I and Who? (part one)
The flight attendant’s passed my row a few times though still early in the flight. I cannot tell you her name, if she has children, or how long she’s been with American. I cannot even tell you the color of her hair.
I’ve not regarded her as human.
She is “Flight Attendant”. One who instructs the emergency row dwellers (eight rows ahead), dispenses regreshments, peddles boxed snacks, and – I suppose – provides aid in the event of various emergencies.
To me, she’s not Madeline, mother of Deirdre and Paul. She is not a struggling widow, living in New Hampshire, who dead heads to DFW every workday. I don’t know that she lost her husband to an IED in Afghanistan and, because of a bureaucratic snafu, hasn’t received her survivor benefits, leaving her without his income and his pension.
I do not know this because Madeline, to me, is an “it”.
In my life there are thousands of encounters with “it’s”— people with amazing stories who, in the name of effiency, I have reduced to their functional equivalent.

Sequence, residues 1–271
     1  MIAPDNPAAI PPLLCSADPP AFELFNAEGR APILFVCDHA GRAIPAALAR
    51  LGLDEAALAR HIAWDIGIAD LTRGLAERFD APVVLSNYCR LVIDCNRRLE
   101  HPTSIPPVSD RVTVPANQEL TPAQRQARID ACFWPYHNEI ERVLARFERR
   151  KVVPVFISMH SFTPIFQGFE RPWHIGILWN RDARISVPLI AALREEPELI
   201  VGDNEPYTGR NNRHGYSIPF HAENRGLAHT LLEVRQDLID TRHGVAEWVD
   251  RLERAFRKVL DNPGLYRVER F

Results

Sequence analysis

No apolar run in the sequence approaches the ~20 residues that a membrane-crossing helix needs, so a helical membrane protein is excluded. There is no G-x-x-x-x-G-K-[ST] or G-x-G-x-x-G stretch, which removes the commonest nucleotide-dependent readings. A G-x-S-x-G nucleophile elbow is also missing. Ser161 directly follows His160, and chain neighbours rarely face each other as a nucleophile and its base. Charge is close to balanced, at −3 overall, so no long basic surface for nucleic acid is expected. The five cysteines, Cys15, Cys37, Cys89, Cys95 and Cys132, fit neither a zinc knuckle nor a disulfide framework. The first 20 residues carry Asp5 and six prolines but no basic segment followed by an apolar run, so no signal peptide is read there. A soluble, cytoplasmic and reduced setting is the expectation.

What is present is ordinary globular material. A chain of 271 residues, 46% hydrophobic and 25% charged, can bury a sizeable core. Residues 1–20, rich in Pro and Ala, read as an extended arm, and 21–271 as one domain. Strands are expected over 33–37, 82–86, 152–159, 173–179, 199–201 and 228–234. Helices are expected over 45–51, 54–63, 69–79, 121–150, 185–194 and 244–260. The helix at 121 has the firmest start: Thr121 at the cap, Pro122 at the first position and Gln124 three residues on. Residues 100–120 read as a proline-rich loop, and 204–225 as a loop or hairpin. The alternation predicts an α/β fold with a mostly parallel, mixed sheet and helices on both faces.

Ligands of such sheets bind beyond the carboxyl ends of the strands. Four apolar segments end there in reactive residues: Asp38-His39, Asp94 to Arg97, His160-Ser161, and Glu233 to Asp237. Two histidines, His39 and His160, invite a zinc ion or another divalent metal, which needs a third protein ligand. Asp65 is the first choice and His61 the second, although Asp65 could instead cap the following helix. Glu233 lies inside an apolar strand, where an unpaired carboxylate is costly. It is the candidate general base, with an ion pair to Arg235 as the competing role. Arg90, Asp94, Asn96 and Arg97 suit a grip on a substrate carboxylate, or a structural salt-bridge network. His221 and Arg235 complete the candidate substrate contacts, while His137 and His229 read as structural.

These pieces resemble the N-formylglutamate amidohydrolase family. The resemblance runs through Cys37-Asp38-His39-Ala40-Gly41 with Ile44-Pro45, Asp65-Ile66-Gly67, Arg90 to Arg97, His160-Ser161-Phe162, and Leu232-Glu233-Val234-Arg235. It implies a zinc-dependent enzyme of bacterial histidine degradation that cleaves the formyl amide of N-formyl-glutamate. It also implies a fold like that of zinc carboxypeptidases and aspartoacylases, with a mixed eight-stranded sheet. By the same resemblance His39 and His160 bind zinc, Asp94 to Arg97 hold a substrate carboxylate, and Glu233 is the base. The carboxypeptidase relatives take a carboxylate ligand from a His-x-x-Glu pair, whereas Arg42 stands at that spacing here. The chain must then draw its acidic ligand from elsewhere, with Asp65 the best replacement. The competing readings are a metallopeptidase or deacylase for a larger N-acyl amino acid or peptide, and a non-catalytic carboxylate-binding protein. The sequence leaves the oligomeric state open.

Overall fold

Yet, I know every human being is perfectly and wonderfully made.[Psa 139:14] Each is uniquely created in God’s image [Gen 1:27], and each is an opportunity for the Kingdom of God to engage very real needs of those for whom Christ died.
Martin Buber’s I and Thou has been so unsettling as to compel a profound examination of my heart, character, and way of life.
God changed me.
Commonly, our interractions are cursory, shallow exchanges of niceties and information, facts, feelings, opinions, and doings-on. Safe and riskless, Buber calls this: “I and You”.
I’ve not delved deeply into who you are as a fully-orbed human being, one in whom God is working in marvelous ways and someone on who’s neck Christ’s satan has a boot. To encounter you in this way takes risk, curiosity, patience, and trust.
Relationship is investment.
Invest little and the relationship will be insubstantial.
Invest considerably and the connection can be vast, prodigious, precious. An “I and Thou” relationship won’t be simple, easy, or inexpensive. Your heart will become engaged, at stake for the other. Yours will soar with her successes and suffer at her sorrows…and you’ll sit—undone—in the ambiguity of what’s disorderly and unresolved in her life.
“I and Thou”.
By the way “Madeline” is Stephaine. A brunette, she lives in Cowan Heights and has a stepdaughter who’s studying at the University of South Carolina.
Coaching Distinctions #87